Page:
24. Hannon, B.M. Bottles Cans Energy. Environment 1972, 14, 11–21. [Google Scholar] [CrossRef]
  25. Berry, S.R.; Fels, M.F. The energy cost of automobiles. Sci. Public Aff. 1973, 29, 11–17. [Google Scholar] [CrossRef]
  26. Hirst, E. Food-Related Energy Requirements. Science 1974, 184, 134–138. [Google Scholar] [CrossRef]
  27. Pimentel, D.; Hurd, L.E.; Bellotti, A.C.; Forster, M.J.; Oka, I.N.; Sholes, O.D.; Whitman, R.J. Food production and the energy crisis. Science 1973, 182, 443–449. [Google Scholar] [CrossRef]
  28. Chapman, P.F. Energy Costs: A Review of Methods. Energy Policy 1974, 2, 91–103. [Google Scholar] [CrossRef]
  29. Mortimer, N.D. The Energy Costs of Road and Rail Freight Transport, UK 1968; ERRG 004 R&D Rpt; Transport Road Research Laboratory: Berkshire, UK, 1974. [Google Scholar]
  30. Boustead, I. Resource implications with particular reference to energy requirements for glass and plastics milk bottles. Int. J. Dairy Technol. 1974, 27, 159–165. [Google Scholar] [CrossRef]
  31. Leach, G. Energy and food production. Food Policy 1975, 1, 62–73. [Google Scholar] [CrossRef]
  32. Slesser, M. Accounting for energy. Nature 1975, 254, 170–172. [Google Scholar] [CrossRef]
  33. Carter, A.P. Applications of Input-Output Analysis to Energy Problems. Science 1974, 184, 325–329. [Google Scholar] [CrossRef]
  34. Estrup, C. Energy Consumption Analysis by Application of National Input-Output Tables. Ind. Market. Manag. 1974, 3, 193–210. [Google Scholar] [CrossRef]
  35. Bullard, C.; Herendeen, R. The Energy Costs of Goods and Services. Energy Policy 1975, 3, 268–278. [Google Scholar] [CrossRef]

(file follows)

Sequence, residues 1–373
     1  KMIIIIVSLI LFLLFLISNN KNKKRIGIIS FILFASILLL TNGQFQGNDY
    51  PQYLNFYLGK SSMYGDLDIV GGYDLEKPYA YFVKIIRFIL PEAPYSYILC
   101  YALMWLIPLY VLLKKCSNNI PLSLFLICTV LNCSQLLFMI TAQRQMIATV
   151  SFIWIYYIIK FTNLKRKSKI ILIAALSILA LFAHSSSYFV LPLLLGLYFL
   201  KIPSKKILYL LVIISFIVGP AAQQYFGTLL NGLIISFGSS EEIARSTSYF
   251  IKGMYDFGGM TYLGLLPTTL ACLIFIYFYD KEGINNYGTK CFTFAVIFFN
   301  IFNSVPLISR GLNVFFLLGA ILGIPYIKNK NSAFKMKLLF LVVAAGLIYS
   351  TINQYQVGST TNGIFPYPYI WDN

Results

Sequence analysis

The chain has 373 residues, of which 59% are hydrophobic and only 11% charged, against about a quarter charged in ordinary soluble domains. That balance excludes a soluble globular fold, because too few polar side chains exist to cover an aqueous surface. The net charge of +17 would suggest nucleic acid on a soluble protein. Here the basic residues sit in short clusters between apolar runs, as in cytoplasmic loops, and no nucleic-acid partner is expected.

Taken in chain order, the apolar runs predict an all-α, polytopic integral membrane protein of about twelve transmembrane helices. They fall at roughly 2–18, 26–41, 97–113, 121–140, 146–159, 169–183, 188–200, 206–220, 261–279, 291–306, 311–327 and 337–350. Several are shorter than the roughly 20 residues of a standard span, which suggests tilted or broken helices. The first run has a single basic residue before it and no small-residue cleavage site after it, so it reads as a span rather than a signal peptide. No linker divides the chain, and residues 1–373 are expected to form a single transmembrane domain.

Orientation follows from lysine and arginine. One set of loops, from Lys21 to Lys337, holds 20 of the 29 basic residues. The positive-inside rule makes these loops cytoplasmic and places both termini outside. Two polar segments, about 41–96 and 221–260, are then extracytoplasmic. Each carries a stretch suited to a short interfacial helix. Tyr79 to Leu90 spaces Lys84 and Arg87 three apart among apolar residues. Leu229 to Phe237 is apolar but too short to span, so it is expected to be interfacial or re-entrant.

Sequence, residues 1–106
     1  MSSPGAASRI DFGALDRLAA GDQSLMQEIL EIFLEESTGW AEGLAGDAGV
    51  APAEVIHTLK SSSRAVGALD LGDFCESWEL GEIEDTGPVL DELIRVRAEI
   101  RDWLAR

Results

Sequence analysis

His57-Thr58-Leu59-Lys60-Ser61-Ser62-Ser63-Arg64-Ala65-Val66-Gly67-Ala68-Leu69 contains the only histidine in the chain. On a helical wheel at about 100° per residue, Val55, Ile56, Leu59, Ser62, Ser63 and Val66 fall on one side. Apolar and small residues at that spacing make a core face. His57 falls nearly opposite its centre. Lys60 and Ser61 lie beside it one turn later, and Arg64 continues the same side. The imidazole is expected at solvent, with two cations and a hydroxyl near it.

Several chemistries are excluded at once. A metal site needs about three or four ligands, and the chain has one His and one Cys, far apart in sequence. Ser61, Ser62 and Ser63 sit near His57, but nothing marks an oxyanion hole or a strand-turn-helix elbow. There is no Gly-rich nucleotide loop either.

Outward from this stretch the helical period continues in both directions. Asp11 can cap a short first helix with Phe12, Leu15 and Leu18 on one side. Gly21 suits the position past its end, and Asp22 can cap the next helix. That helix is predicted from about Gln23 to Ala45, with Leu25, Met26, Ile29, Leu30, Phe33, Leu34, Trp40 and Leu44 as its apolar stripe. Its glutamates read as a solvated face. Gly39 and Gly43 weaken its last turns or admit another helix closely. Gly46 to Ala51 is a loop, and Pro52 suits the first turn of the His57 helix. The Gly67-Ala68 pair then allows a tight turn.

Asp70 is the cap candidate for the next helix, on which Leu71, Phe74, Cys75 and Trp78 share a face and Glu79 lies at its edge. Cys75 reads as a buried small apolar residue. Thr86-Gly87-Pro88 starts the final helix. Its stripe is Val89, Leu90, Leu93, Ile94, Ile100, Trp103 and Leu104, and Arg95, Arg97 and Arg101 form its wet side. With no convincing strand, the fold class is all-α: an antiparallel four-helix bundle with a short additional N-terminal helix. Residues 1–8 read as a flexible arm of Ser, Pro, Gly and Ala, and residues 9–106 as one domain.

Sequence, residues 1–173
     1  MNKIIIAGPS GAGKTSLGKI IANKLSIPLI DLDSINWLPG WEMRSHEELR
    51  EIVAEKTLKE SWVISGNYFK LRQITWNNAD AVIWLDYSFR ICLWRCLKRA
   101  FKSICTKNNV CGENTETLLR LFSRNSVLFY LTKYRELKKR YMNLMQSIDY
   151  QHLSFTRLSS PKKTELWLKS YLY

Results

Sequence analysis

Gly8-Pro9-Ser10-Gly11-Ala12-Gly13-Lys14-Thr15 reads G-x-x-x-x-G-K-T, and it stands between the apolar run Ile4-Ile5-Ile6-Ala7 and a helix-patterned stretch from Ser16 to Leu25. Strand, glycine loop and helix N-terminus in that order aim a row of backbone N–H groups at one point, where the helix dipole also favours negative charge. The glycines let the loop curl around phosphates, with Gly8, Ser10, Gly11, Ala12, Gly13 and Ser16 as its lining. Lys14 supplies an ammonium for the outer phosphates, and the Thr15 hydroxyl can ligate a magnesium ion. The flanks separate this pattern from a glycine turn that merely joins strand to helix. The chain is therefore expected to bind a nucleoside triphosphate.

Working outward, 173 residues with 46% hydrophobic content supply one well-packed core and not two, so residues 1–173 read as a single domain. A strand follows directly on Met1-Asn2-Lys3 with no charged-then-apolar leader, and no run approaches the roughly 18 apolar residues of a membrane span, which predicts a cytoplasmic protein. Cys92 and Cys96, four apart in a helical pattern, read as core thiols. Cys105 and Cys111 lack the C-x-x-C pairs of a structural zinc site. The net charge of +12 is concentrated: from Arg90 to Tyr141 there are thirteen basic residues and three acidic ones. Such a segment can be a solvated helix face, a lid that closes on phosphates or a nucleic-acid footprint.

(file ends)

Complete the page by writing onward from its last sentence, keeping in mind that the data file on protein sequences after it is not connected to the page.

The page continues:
36. Bullard, C.W.; Hannon, B.; Herendeen, R. Energy Flow through the U.S. Economy; University of Illinois Press: Urbana, IL, USA, 1975. [Google Scholar]
  37. Herendeen, R. Input-Output Techniques and Energy Cost of Commodities. Energy Policy 1978, 6, 162–165. [Google Scholar] [CrossRef]
  38. Energy Analysis Workshop on Methodology and Conventions; International Federation of Institutes of Advanced Study (IFIAS): Guldsmedshyttan, Sweden, 1974.
  39. Nilsson, S.; Kristoferson, L. Energy analysis and economics. Ambio 1976, 5, 27–29. [Google Scholar]
  40. Brandt, A.R.; Dale, M. A General Mathematical Framework for Calculating Systems-Scale Efficiency of Energy Extraction and Conversion: Energy Return on Investment (EROI) and Other Energy Return Ratios. Energies 2011, 4, 1211–1245. [Google Scholar] [CrossRef]
  41. Hall, C.A.S.; Cleveland, C.J.; Berger, M. Energy Return on Investment for United States Petroleum, Coal, and Uranium; Mitsch, W., Ed.; Elsevier: Amsterdam, The Netherlands, 1981; p. 715. [Google Scholar]
  42. Hall, C.A.S.; Cleveland, C.J. Petroleum Drilling and Production in the United States: Yield per Effort and Net Energy Analysis. Science 1981, 211, 576–579. [Google Scholar] [CrossRef]
  43. Odum, H.T. Environment, Power, and Society; John Wiley and Sons, Inc.: New York, NY, USA, 1971. [Google Scholar]